Kevin sent me this variation on the standard “Break” recipe, taken made by the inmates at the Northern Correctional Facility in Moundsville, WV. Moundsville is a dreary town as I remember it and I bet the prison isn’t much better. He says, “the prison’s inmate store sold all of the ingredients. Sometimes upwards of six or seven inmates would contribute an ingredient so all could enjoy a good, filling meal, with a small investment. Since we weren’t allowed knives, we used the pull-top can lids to dice the cheese and pepperoni. It was a hard job and your hand would be cramping toward the end.”
This recipe makes two decent sized portions, or one for a big eater. Double recipe for more portions.
1 bag of Ramen noodles, beef flavor preferred, but chicken will do
1 can of chili with beans (we used Castleberry’s brand, individual size. You can also substitute a can of beef stew)
1/4 to 1/3 stick of pepperoni, diced (which can be bought already diced on the street)
1/2 cup of diced Longhorn or Cheddar cheese (about 1 cup shredded on the street)
1 deli pickle, diced (optional)
1 small onion, diced (optional)
Salt, pepper and garlic powder to taste
Follow the microwave instruction on pack using whole flavor pack, but crumble noodles. Drain excess water from noodles when done. In a separate bowl, microwave the diced pepperoni on several layers of paper towels for a minute at a time and stir between heating, to cook off the grease. This makes the pepperoni crunchy, but don’t cook it too long or it will burn. Heat chili (or beef stew) for two minutes and stir in diced cheese. Stir in cheese and heat longer to melt cheese if needed. Pour all ingredients into a big bowl (sometimes a trash bag was used if it was a big break) and mix well. Serve with sliced bread or crackers.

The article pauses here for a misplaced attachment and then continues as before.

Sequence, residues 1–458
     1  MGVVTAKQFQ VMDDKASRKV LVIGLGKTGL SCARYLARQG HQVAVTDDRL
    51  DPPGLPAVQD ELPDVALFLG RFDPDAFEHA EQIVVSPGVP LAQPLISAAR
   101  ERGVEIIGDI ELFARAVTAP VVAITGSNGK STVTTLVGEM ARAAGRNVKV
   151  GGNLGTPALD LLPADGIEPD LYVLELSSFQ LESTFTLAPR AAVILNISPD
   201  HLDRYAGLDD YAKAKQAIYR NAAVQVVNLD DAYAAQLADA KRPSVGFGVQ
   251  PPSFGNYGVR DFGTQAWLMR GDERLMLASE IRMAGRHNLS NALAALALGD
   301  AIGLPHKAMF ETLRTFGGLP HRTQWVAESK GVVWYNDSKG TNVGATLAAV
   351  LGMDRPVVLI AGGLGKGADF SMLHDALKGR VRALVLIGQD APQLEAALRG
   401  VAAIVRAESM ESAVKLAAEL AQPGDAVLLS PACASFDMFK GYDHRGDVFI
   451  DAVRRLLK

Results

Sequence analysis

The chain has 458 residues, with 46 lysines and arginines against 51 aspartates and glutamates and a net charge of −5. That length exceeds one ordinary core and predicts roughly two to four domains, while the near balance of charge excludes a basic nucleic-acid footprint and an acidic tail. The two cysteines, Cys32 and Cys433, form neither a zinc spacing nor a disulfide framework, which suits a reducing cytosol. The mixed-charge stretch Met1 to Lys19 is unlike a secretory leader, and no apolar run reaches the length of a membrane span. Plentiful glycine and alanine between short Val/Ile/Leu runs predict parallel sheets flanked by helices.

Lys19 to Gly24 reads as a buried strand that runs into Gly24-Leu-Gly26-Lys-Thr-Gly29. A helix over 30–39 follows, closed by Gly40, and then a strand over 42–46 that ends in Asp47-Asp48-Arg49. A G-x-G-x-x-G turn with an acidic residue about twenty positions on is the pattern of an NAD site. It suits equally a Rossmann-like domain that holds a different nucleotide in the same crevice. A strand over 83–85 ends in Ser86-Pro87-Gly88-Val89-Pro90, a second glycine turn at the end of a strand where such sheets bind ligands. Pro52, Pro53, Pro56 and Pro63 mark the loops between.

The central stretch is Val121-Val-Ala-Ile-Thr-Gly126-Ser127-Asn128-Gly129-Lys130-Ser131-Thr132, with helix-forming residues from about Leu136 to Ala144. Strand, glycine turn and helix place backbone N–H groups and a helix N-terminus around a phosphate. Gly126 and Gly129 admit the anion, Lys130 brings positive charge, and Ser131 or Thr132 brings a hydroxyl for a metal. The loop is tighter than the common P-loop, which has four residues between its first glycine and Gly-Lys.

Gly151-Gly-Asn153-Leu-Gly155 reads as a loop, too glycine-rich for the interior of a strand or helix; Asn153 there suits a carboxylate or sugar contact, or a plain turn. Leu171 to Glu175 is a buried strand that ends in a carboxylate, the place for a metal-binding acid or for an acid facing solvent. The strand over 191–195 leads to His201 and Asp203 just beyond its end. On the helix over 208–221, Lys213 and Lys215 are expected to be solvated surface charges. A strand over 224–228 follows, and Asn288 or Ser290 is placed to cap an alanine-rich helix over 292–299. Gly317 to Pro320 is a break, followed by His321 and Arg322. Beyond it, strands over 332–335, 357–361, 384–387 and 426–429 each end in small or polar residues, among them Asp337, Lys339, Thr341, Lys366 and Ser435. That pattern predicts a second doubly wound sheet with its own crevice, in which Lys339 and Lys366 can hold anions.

In the city of Makati in the Phillipines, in a ramen restaurant called Mitsuyado Sei-Men, you can apparently get a cheese dipped ramen dish. I love traditional ramen, and like the author of this article, I bet I’d never order this, but apparently it was good!
My wife’s tsukemen arrived, served beside its bowl of dipping sauce, redolent of the wondrous reek of parmesan on top and with a small bowl of luminescent melted cheese by its side. Mixed together, it looked like a hearty plateful of spaghetti with cheese sauce. Going against every instinct of what is sensible and right in this world, one takes a few strands of this with one’s chopsticks, and dips it into the sauce, a rich but subtle shoyu-derived broth, nothing too strongly flavored. It’s a bite of starchy umami-coated goodness with a soothing warm chaser. The double-cheese sauce is the ace-in-the-hole for this restaurant, which might otherwise not bob its head above the crowd in the competitive ramen wars of the city.
I can’t get the idea of alfredo pasta out of my head when I think of this dish. When I order ramen, I order it for the steamy warming pork broth and the texture of the noodles, not for parmesean, would you guys be brave enough to try this?
Fox News Magazine contacted me last week about a story on how to spice up pre-packaged ramen, I was super busy at work and didn’t have time to send them anything, but the result is still good. One thing most of my recipes lack is a picture, and that’s why I’m linking to this, it’s often difficult for me to pick a recipe without one.
Out of all these, the first is my favorite, mainly because it’s so simple and it features Sriracha sauce.
If you’ve never had fried chicken and waffles, you don’t know what you’re missing (I’m looking at you, people in the Boston area). Now you can take the yummy, buttery, maple goodness and have it in ramen, as long as you move to Cleveland and go visit Noodlecat.